"antisocial notworking is a repository of projects that explore the pseudo-agency of online social platforms. It takes a number of recent software projects as its inspiration to reflect upon the fashion for 'participation' with the arts sector and culture in general. The concern is how the Internet is increasingly charactised as a 'platform' (or collective machine) for 'social' uses, but to question what is meant by the term social in such descriptions. Although social networking platforms rely on user-generated content, what is the nature of this participation? What alternatives (or antitheses) can be identified?"
“Clemente Pestelli: In your “Notes in support of antisocial notworking”, you writes about how, during the ascent of social networks, social relationships were emptied of every form of antagonism and so, in short, of every form of politics. I think the analysis is right. But if we think about the first period of the World Wide Web, we cannot but be impressed by the fact that exactly the Internet was the privileged ground of political experimentation, exploited by movements and activists from all over the world: an example is the “ Battle in Seattle ” of 1999 and the role of Indymedia. Today, corporate communication platforms such as Google, Microsoft and Yahoo allow to share and spread even more information than before, but although this fact, I can’t see any conflictual approach that is as much efficient. What do you think has happened? Is it something depending on a precise strategy of the global corporations or is it something that has to do with the health of movements?
Geoff Cox: Both I suppose. I would stress how the production of non-antagonistic social relations has become absolutely central to social control. In the notes I cite Rossiter who argues that without identifying the antagonisms that politics simply cannot exist. As far as network cultures are concerned this is a technical and social truism. Of course there is nothing new in this, and earlier iterations of the net are full of examples of antagonistic tactics.
As for your main question about what has happened more recently, I’m not sure I’m qualified to answer this. However I suppose the issue for me is how contradictions are evident in new ways, and that organisational forms are more networked in character. There are a number of examples of network-organized forms of political organization, enhancing the open sharing of ideas - such as Indymedia, as you mention, and what is referred to as the “multitude” more generally. Contemporary forms of protest tend to reject centralized forms for more distributed and collective forms, but the tendency has both positive and negative consequences, both releasing and limiting future possibilities.
The example of Facebook exemplifies the point in that it both demonstrates the potential for self-organisation and at the same time the drive to commodify collective exchanges. Capital recuperates emergent tendencies really well, as we know. The autonomists refer to the “cycle of struggle” to emphasize that resistance needs to transform itself in parallel to recuperative processes. In a really nice description, Tronti says the restructuring of capital and the recomposition of resistance “chase each others tails”. More tactical and strategic alternatives need to be developed all the time and I don’t think there’s a way out of this recursive loop. Antagonism is a necessary part of this but I’m not sure where to look for specific examples on the web, better to look elsewhere I think, to peer production more broadly.”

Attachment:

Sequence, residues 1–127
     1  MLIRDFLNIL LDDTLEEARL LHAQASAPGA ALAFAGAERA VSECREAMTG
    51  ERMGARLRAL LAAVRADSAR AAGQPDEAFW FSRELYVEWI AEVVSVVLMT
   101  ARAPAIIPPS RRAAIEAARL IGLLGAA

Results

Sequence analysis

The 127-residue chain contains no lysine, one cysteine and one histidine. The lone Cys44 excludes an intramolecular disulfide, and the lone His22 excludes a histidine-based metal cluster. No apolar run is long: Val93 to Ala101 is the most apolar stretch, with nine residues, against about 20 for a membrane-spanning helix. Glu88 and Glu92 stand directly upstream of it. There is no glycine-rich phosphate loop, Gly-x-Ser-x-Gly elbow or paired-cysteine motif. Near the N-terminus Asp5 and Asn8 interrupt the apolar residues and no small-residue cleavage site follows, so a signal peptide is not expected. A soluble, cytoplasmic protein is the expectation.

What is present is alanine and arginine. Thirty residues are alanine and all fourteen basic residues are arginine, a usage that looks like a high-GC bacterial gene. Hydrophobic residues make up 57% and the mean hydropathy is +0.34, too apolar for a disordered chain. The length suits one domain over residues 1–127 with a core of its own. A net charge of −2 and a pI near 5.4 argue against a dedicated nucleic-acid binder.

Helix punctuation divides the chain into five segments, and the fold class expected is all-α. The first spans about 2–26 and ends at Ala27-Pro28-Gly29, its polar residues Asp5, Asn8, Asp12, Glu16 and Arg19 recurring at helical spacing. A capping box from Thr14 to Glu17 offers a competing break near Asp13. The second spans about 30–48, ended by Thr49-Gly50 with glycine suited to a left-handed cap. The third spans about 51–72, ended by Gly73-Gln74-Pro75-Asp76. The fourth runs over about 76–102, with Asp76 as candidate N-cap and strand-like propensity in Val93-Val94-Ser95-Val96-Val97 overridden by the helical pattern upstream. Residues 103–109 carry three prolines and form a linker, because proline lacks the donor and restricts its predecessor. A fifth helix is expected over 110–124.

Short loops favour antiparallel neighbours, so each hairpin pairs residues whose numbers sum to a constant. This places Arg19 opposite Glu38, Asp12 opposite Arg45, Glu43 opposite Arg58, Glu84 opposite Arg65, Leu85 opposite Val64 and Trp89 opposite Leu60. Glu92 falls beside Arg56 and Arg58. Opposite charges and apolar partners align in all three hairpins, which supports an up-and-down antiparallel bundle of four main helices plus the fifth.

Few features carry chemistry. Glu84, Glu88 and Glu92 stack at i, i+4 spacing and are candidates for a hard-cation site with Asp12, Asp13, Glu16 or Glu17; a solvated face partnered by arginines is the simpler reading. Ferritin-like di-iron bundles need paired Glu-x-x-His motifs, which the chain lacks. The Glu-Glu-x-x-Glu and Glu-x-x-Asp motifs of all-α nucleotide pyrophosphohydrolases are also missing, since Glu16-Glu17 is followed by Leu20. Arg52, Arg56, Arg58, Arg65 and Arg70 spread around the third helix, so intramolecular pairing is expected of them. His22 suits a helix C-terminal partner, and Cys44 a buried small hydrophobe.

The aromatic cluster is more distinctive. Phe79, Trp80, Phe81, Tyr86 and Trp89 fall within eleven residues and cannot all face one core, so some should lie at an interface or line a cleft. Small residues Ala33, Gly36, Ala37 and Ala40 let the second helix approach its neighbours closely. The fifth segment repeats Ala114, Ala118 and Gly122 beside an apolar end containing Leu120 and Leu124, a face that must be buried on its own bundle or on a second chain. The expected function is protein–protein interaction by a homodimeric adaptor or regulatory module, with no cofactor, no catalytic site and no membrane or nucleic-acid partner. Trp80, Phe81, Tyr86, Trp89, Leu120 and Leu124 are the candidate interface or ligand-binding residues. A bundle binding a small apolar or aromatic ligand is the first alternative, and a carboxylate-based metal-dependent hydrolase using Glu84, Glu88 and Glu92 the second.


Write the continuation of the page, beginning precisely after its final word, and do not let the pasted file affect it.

“Clemente Pestelli: NotWorking, antithetic to networking, is the other key word of the project. In particular, in the introductory notes to the project, you refer to Tronti’s essay “The Strategy of the Refusal” (1965). What relationship is there, today, between job and social networks, when the time you spend at work can be less and less distinguished from the time you don’t spend at work? How do you think it’s possible to combine the idea of “refusal of work” with the completely absorbing dimension of the Web 2.0?
Geoff Cox: As you say, the confusion over what constitutes work and non-work turns attention to what constitutes effective action. Refusal to work is one established oppositional tactic in recognition of exploitation in the workplace. But it’s harder to see how exploitation takes place in relation to nonwork, or how notworking in itself might be productive. To simply refuse to take part in social networking platforms or refuse to submit personal information is not particularly effective in itself. The point, as I tried to say in the notes, is how to think about “well-assembled collectives” that can be involved in production that is not an exploitative situation. As well as Tronti, I refer to Paolo Virno’s “Grammar of the Multitude” for this reason.
What is required are strategies and techniques of better organization founded on different principles. Peer production offers one example of the opportunity to explore the limits of democracy and rethink politics. I think this is a really interesting area of activity that seems to be gathering momentum - as both an expression of”non-representational democracy” and as an alternative economic system altogether. Social networks hold the potential to transform social relations for the common good but only if held within the public realm and outside of private ownership.” (http://www.digicult.it/digimag/article.asp?id=1282)